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the f stops here: how photographers are wasting their time (and what to do about it)

The secret's out, and it ain't pretty.

Most photographers--OK, all photographers--could afford to be more efficient; after all, squeezing more productive work into your daylight hours means more face time with clients, and more clients to face time with.

You might feel like you're wasting time, but you're not even sure what you're wasting time with. The moments and milliseconds of behind-the-scenes work, which can seem mission critical, add up fast, gobbling the day up with them. So we're going to be frank: you're headed into the busiest season of the year, and your business just doesn't have time for these shenanigans. The following tasks are black holes, terrifying vortexes into which time and space cease to have meaning. Ever looked up from Facebook to wonder what you've been doing for the past 48 minutes? Then you know what we mean.

1. Scrambling. Like the egg, you're all mixed up. Your camera's in one room, while your lenses are in another. And their caps aren't even on! Don't even get us started on your battery chargers. So what happens when it's time for a shoot? You're scrambling to find everything, searching through obscure drawers in a time-crunched panic. What if you can't find your gear in time? What if you can't find your gear at all?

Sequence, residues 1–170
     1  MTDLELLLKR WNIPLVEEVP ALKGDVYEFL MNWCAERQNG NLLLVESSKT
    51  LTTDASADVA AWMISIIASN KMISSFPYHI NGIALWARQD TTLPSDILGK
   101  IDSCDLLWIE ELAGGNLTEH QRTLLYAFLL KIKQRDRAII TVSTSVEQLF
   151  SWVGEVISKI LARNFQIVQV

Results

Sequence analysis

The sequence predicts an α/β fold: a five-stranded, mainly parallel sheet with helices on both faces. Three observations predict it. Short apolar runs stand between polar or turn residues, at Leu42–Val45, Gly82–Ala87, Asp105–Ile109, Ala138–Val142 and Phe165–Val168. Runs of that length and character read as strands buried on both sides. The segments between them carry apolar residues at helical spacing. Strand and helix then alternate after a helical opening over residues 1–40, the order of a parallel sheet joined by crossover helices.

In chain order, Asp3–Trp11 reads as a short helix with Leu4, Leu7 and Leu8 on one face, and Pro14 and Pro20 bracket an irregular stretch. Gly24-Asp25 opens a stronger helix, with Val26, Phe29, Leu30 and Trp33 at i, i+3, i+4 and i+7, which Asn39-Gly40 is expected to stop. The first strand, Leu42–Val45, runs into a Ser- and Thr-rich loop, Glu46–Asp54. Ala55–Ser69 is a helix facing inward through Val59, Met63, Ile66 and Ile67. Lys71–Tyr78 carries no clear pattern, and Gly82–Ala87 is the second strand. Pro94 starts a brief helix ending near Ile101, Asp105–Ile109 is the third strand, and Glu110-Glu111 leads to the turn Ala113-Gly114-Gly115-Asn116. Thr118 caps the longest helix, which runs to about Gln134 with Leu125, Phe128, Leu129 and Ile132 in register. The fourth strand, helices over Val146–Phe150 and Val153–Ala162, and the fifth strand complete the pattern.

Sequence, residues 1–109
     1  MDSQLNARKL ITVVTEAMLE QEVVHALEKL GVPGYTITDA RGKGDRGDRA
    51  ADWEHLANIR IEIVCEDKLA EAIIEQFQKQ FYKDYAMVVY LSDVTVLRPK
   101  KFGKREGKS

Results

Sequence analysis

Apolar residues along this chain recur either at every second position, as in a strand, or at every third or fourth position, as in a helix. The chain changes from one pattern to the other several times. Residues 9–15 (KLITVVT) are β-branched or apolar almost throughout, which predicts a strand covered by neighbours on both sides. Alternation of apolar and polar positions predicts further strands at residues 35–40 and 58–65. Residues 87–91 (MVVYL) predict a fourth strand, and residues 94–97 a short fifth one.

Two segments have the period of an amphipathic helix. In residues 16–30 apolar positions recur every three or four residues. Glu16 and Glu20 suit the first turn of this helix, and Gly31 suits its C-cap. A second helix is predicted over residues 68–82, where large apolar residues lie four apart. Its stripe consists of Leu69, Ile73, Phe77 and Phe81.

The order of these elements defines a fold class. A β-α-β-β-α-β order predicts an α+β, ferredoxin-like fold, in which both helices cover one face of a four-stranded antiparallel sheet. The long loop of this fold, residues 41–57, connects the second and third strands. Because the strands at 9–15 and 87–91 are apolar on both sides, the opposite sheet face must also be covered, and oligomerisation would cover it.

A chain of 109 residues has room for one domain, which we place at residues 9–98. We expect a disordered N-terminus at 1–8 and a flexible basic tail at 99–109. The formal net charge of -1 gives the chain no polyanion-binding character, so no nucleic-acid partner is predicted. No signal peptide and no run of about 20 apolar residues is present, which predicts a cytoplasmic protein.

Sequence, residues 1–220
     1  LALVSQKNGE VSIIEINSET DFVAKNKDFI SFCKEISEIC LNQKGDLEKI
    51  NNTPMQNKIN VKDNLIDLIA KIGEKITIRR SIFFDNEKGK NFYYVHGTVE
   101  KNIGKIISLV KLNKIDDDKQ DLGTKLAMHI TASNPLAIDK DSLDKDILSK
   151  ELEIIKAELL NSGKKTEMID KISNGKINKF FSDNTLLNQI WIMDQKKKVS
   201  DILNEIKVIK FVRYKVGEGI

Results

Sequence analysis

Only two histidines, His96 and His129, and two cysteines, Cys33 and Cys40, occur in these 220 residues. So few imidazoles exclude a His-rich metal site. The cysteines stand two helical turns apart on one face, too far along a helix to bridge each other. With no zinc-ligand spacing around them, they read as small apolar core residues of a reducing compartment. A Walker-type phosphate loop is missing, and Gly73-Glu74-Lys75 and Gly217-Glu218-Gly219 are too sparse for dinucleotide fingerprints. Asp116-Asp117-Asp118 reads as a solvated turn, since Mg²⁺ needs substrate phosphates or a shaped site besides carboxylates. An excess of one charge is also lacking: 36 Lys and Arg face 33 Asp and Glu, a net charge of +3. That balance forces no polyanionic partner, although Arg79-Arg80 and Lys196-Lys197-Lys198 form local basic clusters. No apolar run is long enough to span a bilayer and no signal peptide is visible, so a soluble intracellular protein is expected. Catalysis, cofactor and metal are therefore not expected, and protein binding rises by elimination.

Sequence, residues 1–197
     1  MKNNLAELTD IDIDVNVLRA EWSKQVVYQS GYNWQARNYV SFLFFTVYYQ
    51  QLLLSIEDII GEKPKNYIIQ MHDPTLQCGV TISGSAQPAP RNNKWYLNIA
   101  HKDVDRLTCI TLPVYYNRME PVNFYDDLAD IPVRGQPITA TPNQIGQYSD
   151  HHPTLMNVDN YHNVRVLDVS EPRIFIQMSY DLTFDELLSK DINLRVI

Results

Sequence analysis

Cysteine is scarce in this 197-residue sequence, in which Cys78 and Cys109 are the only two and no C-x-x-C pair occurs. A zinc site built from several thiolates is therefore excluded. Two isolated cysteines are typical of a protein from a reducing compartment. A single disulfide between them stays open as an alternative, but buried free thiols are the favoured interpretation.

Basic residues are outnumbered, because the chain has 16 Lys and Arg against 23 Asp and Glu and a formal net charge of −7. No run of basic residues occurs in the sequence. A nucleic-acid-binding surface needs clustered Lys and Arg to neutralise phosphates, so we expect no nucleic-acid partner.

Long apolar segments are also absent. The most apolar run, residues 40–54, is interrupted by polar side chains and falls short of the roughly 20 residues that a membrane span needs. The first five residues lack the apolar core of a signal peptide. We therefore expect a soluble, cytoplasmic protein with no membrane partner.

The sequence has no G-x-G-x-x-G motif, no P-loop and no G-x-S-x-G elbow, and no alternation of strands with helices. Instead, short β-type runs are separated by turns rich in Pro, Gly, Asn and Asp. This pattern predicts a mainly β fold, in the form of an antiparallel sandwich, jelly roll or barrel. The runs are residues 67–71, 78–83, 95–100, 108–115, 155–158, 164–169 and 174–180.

The solution: Practice the old adage “a place for everything, and everything in its place.” Dedicate a corner or closet for your gear. When you come into your studio or home from taking photographs out in the field, put your equipment in the same place. Always. Keeping this rule is sacred will add a measure of peacefulness to your life, knowing that you can walk out the door at a moment's notice.

2. Tinkering. Otherwise known as not knowing when to be done with a project or photograph. Tinkering can be fun--let's fade this part of the logo, and try this font!--but it can be deadly to your productivity. 15 minutes of harmless Photoshop play stretches into 45, and before you know it, you've only removed one tree. From a single picture. That you're not even sure the client will buy. Worth it?

The solution: Tinker on your own time. That's right; if fiddling with your branding is that much fun, then save it for 8:30 pm on a Thursday night, when all your work is done! (Doesn't sound so great anymore, right?) And if you love playing with Photoshop, work your magic on your personal photographs, rather than images that might not even make it into your clients' albums. One good rule of thumb, from our Essential Portrait & Wedding Workflows: post-process each image for 1 minute (Lightroom will be your new BFF, guaranteed); investing any more time is just a waste unless the image is sold. And if you need more time per image--for retouching, or major technical issues--then, depending, you should either charge your clients an additional fee, or firm up your own skills so that your images are more usable straight out of the camera.

3. Packaging. We're all for packaging orders in a beautiful, memorable way, but when you're taking upwards of 20 minutes per client to box, bag, and sticker, you've got to find a better way. (This doesn't even mention the fact that you had to source and order all those supplies, each of which came from different vendors. And, don't even get us started on the neverending Etsy journey!) Let's get one thing straight: while luxe packaging might earn you the admiration of other photographers, it's not earning you money. To put it another way: “Yes! Those 4 layers of hemp ribbon make me want to book that photographer right now!” said no client. Ever.